24 June 2015

Seek and you shall fly

Last weekend i did something a little crazy. i ran a Ragnar on an Ultra team. It wasn't my first rodeo with Ragnar (here, here and here) but i had always before competed on a "normal" 12 person team. Somehow this year i decided a 200 mile race wasn't hard enough...i needed to do it with half of the people.

Man, that changes the entire story. ONE van, SIX runners, 200 miles. No breaks. Twice the miles.

Our Ultra team was Legs Miserables. Here was our van:

Legs {Ultra} Miserables
Ultra team=one van="On Our Own"
Get it?
God on High...
To pass another person is to see the face of God
Look down and see the blisters on my feet

We started bright and early...at 4:15am. i got to be the first runner.

Zeus, Topher, Turbo, Rockstar, BK and Big B
My first leg was 6 and some miles, up and down a hill. It was my first, so i was fresh and it was nice and cool outside. Cake. i passed a bunch of people, handed off right before sunrise and felt great. i am so glad that i got to run right away instead of sitting there while the anxiety built.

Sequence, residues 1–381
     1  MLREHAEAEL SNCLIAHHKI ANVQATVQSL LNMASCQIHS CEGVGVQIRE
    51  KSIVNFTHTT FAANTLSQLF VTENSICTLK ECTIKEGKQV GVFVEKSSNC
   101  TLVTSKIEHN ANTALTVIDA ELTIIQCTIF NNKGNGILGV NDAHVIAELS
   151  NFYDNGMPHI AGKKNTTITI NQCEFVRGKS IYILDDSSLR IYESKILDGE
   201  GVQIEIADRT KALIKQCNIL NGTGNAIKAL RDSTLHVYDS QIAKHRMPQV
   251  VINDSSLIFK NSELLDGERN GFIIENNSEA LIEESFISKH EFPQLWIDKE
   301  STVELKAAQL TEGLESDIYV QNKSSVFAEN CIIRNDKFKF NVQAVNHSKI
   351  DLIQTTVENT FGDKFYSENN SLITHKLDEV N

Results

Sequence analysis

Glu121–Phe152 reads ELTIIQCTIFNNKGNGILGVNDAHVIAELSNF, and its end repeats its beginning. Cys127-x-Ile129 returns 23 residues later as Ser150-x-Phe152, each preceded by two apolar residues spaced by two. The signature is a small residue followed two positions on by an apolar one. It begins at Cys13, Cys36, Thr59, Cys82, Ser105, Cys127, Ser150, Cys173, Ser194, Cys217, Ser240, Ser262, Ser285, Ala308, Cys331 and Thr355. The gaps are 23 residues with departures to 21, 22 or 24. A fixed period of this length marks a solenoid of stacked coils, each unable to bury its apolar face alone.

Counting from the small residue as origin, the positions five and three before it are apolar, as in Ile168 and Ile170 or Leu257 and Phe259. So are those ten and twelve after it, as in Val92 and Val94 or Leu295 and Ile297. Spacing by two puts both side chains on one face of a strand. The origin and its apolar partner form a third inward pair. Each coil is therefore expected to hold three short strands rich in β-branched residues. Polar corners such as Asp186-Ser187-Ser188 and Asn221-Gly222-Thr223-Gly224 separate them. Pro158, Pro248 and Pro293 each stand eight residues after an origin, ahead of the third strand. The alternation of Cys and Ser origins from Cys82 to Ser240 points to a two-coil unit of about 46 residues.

When we finished leg 6, we had gone up and over Avon pass through some beautiful and difficult country. And it was 10:00am and time for me to run again.

It was just under 5 miles through relatively flat country. It was starting to heat up (in the low 80s) and i finished with a great pace and a red face.

It's getting hot in here...
By noon there were only four other teams in front of us...and none of them were Ultra teams.

Our captain bringing us up in ranking
When i started leg 12 (my third leg) it was around 4pm and there were only two other runners in front of me. Both of them were running for the first time that day and their vans had only started 5 hours ago. We had already been going for twelve hours and this was my third time running. It was in the mid-nineties, the sun was blazing and there was no shade. i had 4 miles and change.

i still passed one of the runners and pulled us into the second team on the road. Then i died of heat stroke. (Ok, that was an exaggeration...i just had to rest in the shade for awhile).

Too hot to move
We were on a serious high! We were at the front of the pack. All of the port-a-potties were fresh. We were the only ones at the exchanges. We were putting distance between us and the team behind us. BK threw down sub-eight minute miles. All of us were excited to be there. The sun started setting. The scenery was beautiful. We were watching each other tear it up. It felt AMAZING.